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Air travel advice for people with heart disease

Most people with heart conditions can safely travel by air, according to a new report from the British Cardiovascular Society. The advice is based on evidence from research, where available, and on the opinion of experts, where no evidence exists.

What do we know already?

There has been debate for years about the effects of air travel on the body. Passengers need to stay seated for a long time, in an atmosphere with less oxygen than we're used to breathing on the ground. One well-known problem is a blood clot in a vein (a deep vein thrombosis, or DVT).

In addition, it's difficult to get medical treatment on a plane, in the case of a health emergency.

Doctors have been concerned that people with heart conditions might experience health problems on flights. The reduced amount of oxygen in the air means that the heart needs to work harder to pump blood around the body. Reduced oxygen can also increase blood pressure and make people feel breathless. Guidance on when it's safe to fly varies between different groups of doctors, leading to confusion for patients and for airlines.

The British Cardiovascular Society is a professional association of doctors working in heart medicine in the UK. They've studied all the evidence about risks to people's heart health from flying, and drawn up some guidelines on who can safely fly. The guidelines include advice on how soon people can fly after a heart attack or after heart surgery. They also make recommendations for avoiding deep vein thrombosis. They say the guidelines are intended to be used as advice for people with heart conditions, rather than by airlines to decide who they will and won't take on a flight.

What does the new study say?

These groups of people can fly without any special treatment:

  • People with mild angina (chest pain) that only happens during moderate exercise, whose condition and medicine has not changed recently

  • People with mild heart failure, which causes breathlessness on mild to moderate exercise, whose condition and medicine has not changed within six weeks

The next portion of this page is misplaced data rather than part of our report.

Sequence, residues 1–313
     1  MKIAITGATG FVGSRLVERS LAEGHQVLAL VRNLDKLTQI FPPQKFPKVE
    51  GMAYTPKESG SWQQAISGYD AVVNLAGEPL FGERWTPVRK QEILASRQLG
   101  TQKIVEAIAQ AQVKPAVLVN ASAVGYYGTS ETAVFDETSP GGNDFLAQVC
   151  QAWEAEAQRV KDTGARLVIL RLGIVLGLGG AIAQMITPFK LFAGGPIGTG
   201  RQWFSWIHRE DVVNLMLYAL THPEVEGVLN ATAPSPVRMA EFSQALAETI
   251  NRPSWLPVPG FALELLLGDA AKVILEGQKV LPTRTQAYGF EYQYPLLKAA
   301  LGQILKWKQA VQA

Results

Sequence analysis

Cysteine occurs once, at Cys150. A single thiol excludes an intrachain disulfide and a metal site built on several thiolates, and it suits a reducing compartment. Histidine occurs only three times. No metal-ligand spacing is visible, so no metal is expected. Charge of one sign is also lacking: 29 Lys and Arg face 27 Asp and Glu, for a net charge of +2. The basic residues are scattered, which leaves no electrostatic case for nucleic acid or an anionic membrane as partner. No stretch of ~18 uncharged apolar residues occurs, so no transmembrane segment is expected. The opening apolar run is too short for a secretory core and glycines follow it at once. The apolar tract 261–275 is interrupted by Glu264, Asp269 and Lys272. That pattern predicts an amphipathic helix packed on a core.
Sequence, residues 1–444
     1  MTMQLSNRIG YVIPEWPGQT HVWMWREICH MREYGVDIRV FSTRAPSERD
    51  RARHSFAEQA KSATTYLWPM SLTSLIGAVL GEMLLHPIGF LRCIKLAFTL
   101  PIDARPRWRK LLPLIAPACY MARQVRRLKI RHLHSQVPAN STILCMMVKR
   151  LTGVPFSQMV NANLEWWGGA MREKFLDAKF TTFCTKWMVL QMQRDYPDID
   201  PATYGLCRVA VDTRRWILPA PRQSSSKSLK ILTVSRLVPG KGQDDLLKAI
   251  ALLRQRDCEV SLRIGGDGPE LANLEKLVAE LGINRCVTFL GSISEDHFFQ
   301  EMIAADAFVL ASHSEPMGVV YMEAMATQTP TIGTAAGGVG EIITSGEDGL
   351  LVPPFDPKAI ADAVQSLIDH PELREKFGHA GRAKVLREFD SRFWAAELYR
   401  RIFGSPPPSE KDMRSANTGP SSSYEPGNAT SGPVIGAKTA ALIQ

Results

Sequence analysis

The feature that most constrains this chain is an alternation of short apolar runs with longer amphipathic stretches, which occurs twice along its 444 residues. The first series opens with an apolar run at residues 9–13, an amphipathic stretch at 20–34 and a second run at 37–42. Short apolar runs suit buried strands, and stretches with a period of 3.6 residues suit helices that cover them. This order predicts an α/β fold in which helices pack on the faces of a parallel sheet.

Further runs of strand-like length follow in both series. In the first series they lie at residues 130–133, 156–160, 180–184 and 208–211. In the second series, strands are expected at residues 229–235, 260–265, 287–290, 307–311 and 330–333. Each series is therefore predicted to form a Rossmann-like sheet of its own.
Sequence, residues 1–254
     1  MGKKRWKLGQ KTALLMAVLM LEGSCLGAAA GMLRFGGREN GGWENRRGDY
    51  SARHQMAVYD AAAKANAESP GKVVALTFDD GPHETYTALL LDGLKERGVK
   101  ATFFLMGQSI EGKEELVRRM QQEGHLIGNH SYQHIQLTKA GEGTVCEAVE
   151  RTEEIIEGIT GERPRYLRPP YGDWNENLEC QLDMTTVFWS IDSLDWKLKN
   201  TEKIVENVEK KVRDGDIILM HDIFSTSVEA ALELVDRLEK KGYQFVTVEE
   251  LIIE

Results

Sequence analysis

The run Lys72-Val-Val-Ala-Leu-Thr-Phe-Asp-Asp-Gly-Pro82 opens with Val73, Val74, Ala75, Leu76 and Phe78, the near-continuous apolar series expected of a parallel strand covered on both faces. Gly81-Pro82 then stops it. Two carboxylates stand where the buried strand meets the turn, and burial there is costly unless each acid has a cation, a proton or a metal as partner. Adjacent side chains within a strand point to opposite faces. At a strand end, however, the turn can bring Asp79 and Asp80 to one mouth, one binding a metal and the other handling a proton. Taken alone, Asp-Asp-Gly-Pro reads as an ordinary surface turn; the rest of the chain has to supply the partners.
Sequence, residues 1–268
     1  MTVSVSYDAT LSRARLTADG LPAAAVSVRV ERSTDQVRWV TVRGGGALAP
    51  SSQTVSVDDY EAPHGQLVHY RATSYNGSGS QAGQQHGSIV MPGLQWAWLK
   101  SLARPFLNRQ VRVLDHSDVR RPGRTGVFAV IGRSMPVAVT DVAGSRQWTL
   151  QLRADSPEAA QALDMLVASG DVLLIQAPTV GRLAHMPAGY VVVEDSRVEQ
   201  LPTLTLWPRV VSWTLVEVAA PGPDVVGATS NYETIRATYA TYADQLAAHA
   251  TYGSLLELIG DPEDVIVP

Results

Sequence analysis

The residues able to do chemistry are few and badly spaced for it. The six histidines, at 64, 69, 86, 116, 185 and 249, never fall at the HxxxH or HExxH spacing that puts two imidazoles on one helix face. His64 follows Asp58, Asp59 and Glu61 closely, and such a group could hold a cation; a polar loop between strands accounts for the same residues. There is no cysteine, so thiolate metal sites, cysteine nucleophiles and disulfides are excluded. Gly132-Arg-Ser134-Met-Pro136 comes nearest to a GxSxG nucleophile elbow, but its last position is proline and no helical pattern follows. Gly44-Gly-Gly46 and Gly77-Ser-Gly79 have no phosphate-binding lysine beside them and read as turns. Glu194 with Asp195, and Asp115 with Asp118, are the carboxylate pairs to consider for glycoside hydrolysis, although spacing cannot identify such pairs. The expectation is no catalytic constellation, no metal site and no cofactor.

• People with occasional heart palpitations or irregular heartbeat, whose condition doesn't cause fainting and who are being treated.

People with more serious angina and heart failure, or people born with heart problems, are advised to consider whether they need extra assistance at the airport, and oxygen during their flights. If they are getting symptoms that indicate their condition might get suddenly worse, they are advised to wait until their condition is stable before travelling by air.

If someone has had a heart attack, they should be able to fly after three days if they're under 65, have had the blocked artery successfully opened, and their heart is pumping normally. Older people who are not breathless and don't have chest pain should wait 10 days. People whose heart is not pumping properly, who are still breathless, or who need further tests or treatment, should wait until their condition is stable.

People who've had a pacemaker or defibrillator fitted, or who have had their arteries widened by a balloon or stent, can fly after two days, providing there are no complications from their operation. People who've had a coronary artery bypass graft should wait 10 days, assuming there are no complications.

The guidelines say people are at low risk of a DVT if they have never had one before, have not had an operation in the past eight weeks, and don't have any other risk factors. For these people, the guidelines recommend keeping mobile, drinking plenty of non-alcoholic drinks, not smoking, and avoiding caffeine or drugs that make you drowsy.

People at moderate risk include those who've had a DVT before, who are pregnant, who've had surgery four to eight weeks previously, who are known to have blood that clots easily, or who are very overweight (obese). For these people, the guidelines recommend wearing compression stockings as well as taking the steps above.

People at high risk include those with a previous DVT who also have another risk factor, such as having cancer, or who've had surgery during the past four weeks. These people can still fly, but they may need injections of an anti-clotting drug (called enoxaparin) before and after the flight. They should also wear stockings and take the other safety precautions.

How reliable are the findings?

The authors themselves say that there is little good-quality evidence about the effects of flying on health. Most of the guidelines are therefore based on the authors' professional judgement and understanding about how problems such as angina and heart failure are affected by low-oxygen conditions.

Where does the study come from?

The report was written by a group of doctors from the British Cardiovascular Society. They were published in the medical journal Heart, which is published by the BMJ Group.

What does this mean for me?

If you have a heart condition, and you're concerned about whether it's safe for you to fly, these guidelines give you some advice. For the majority of people with heart conditions, flying is not a problem. However, it's worth discussing the situation with your own doctor, in case there are special factors which might make it less advisable for you. These guidelines only look at heart problems, not other medical conditions that may affect you.

What should I do now?

Smith D, Toff W, Joy M, et al. Fitness to fly for passengers with cardiovascular disease. Heart. 2010; 96: ii1-ii16.

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Reference

Jul 21, 2010